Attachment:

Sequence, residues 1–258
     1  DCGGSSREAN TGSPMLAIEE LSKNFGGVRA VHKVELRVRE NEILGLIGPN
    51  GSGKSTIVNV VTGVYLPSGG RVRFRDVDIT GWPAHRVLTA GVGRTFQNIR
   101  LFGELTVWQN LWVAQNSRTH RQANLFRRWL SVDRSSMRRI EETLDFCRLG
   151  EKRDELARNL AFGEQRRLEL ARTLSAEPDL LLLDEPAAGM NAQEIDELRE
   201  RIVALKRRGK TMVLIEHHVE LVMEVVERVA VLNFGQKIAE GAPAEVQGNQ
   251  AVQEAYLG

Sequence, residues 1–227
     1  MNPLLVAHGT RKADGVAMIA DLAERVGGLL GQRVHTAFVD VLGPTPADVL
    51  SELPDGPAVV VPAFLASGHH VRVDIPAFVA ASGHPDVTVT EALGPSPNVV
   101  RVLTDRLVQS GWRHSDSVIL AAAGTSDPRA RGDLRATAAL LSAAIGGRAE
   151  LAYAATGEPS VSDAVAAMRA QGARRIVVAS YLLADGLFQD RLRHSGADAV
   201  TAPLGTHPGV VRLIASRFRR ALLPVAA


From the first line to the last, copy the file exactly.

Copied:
Sequence, residues 1–258
     1  DCGGSSREAN TGSPMLAIEE LSKNFGGVRA VHKVELRVRE NEILGLIGPN
    51  GSGKSTIVNV VTGVYLPSGG RVRFRDVDIT GWPAHRVLTA GVGRTFQNIR
   101  LFGELTVWQN LWVAQNSRTH RQANLFRRWL SVDRSSMRRI EETLDFCRLG
   151  EKRDELARNL AFGEQRRLEL ARTLSAEPDL LLLDEPAAGM NAQEIDELRE
   201  RIVALKRRGK TMVLIEHHVE LVMEVVERVA VLNFGQKIAE GAPAEVQGNQ
   251  AVQEAYLG

Sequence, residues 1–227
     1  MNPLLVAHGT RKADGVAMIA DLAERVGGLL GQRVHTAFVD VLGPTPADVL
    51  SELPDGPAVV VPAFLASGHH VRVDIPAFVA ASGHPDVTVT EALGPSPNVV
   101  RVLTDRLVQS GWRHSDSVIL AAAGTSDPRA RGDLRATAAL LSAAIGGRAE
   151  LAYAATGEPS VSDAVAAMRA QGARRIVVAS YLLADGLFQD RLRHSGADAV
   201  TAPLGTHPGV VRLIASRFRR ALLPVAA